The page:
Political rights of Malawians
In principle and constitutional law, Malawi is a democratic country though, in practice, democracy here is a road under construction.
Hence the bills that Public Affairs Committee and other advocates of democracy insist should be presented to the current parliamentary session are imperative.
News that President Peter Mutharika is currently canvassing Members of Parliament belonging to People’s Party to work in alliance with Democratic People’s Party has drawn anxiety in the minds of those who want the proposed constitutional amendment bills not only to be presented in Parliament but actually to be enacted to enabling laws.
In 2007 and 2008, constitutional conventions were held in Lilongwe under the chairmanship of Justice Elton Singini. I was one of the thousands who were invited to participate. Participants included some of the most brilliant intellectuals, professionals and those from humble backgrounds with regard to education and vocations. The idea of inviting members from across sections of the nation was to make the gathering truly representative.
Resolutions were taken which included the education of presidential candidates, the minimum and maximum age of a president. Perhaps of overwhelmingly importance was the necessity to hold presidential reruns when none of the candidates scores at least 50+1 of the votes cast. None of the political parties which attended the convention spoke against the resolution. It was hoped that before the 2009 general elections were held, Parliament would meet and pass the law so that the 50+1 proviso would start operating at once.
But spokespersons of the ruling party gave the impression that there was no time to convene Parliament for the purpose.
During the 2009 to 2014 term, I personally wrote in The Nation several times reminding Malawians about the 50+1 constitutional resolution made in 2007-2008 indaba. Much to my surprise, no one wrote to support me none wrote to contradict me. So, the 2014 elections were once more held without the 50+1 requirement though none of the candidates got even 40 percent of the votes.
I do not know how historians will write about Robert Mugabe. Hopefully, they will give him credit for respecting some basic formulas of democracy. One of these is to reserve certain political decisions for the population as a whole. Neither a Cabinet nor Parliament can adequately represent the views of the nation on certain matters. For example, whether death penalty should be abolished or restored or whether a country should federate with another. Only a referendum can do so.
At one time, Mugabe got incorporated into the Constitution of Zimbabwe extra powers of the president. The opposition demanded a referendum. Mugabe consented and a referendum was held. It went against Mugabe and he accepted the people’s wish just as he has accepted the people’s wish that he should resign the presidency though not joyfully of course.
During the election before the last one, Morgan Tsvangirai’s party did better than Mugabe’s but neither of the presidential candidates scored more than 50 percent of the votes. Tsvangirai demanded a rerun. Mugabe accepted but Tsvangirai later withdrew because of the violence unleashed by the Zanu PF youths. Mugabe went to contest without an opponent as it has happened recently in Kenya.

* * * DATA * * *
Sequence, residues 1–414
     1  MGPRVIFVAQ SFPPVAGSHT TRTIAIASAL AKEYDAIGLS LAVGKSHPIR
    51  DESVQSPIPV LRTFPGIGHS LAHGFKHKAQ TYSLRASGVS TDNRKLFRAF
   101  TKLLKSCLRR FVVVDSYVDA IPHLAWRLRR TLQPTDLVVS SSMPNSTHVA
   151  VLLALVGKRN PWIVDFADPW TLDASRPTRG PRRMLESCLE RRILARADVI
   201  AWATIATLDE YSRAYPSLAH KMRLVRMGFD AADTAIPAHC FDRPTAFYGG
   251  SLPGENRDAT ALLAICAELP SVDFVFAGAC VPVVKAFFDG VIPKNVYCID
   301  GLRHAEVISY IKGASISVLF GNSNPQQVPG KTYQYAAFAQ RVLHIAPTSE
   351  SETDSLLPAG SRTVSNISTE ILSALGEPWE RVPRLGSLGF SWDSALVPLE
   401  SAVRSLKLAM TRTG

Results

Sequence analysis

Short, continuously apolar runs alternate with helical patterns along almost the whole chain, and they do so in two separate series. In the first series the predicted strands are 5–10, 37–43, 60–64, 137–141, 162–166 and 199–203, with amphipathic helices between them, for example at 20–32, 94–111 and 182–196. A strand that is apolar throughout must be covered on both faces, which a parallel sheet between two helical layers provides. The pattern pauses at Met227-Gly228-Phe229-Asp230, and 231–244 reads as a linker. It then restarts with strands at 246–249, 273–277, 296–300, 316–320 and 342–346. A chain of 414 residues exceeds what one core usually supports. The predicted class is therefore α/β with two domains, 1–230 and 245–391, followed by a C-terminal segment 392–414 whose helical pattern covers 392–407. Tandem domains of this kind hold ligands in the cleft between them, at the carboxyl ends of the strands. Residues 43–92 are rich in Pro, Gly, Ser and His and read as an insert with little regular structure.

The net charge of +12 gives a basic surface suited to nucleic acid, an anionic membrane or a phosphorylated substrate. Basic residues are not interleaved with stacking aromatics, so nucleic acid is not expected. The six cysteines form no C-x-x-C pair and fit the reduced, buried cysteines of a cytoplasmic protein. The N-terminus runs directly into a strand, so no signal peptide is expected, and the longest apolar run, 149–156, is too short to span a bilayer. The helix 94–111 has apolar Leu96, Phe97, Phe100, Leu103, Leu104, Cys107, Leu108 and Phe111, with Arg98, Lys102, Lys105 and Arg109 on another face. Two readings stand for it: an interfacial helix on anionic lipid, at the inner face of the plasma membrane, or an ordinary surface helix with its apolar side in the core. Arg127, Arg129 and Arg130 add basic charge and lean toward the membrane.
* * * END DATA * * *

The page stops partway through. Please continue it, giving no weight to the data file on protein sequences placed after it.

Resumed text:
Contrast this with what has happened in Malawi. The cabinet of the ruling party has for nearly 10 years virtually nullified the resolution of the 2007-2008 indaba on the 50+1 electoral system, yet this is one of the resolutions the Cabinet and Parliament should accept without reservations since it was made by a more representative gathering of chiefs and commoners. The only body that can be more representative than this is a referendum of the whole nation.
The Cabinet by arrogating to itself absolute authority on the re-run issue is behaving unconstitutionally or not according to conventions. It makes meaningless the slogan “mphamvu kwa anthu [power to the people]”.
Former Norwegian ambassador Eidhammer in his book Malawi Apart has reminded Malawians of what happened when former president Bakili Muluzi was campaigning for third term. Money amounting to K100,000 was openly being dished to members of the opposition to persuade them to vote for the resolution. It was defeated by a narrow margin, which suggests the bribes had influence on the results.
By the time this article is published, I do not know what PP members have bound themselves to do. But Malawians have absolute right to decide how their president should be elected. If the bills are not enacted into law, there should be a referendum on the matter, nothing else.
Democracy means equality of opportunity for all citizens regardless of the tribe, role, religion or region to which they belong. Since election tends to be guided by tribal alliance, those who belong to small tribes are perpetually disadvantaged.
Uganda has been retrieved from chaos by Yoweri Museveni, a member of a small tribe called Hima. If the 50+1 rule is adopted, even a member of a small tribe such as Sena in the South or Sukwa in the North might be elected presidents and might turn out to be Margaret Thatcher, Charles de Quelle or Lee Kuan Yew of Malawi, a transformer of the economy. People of Malawi are now tired of average presidents.
Malawians now want someone who can rid their country of stigma it now bears as the poorest or second poorest in the world.
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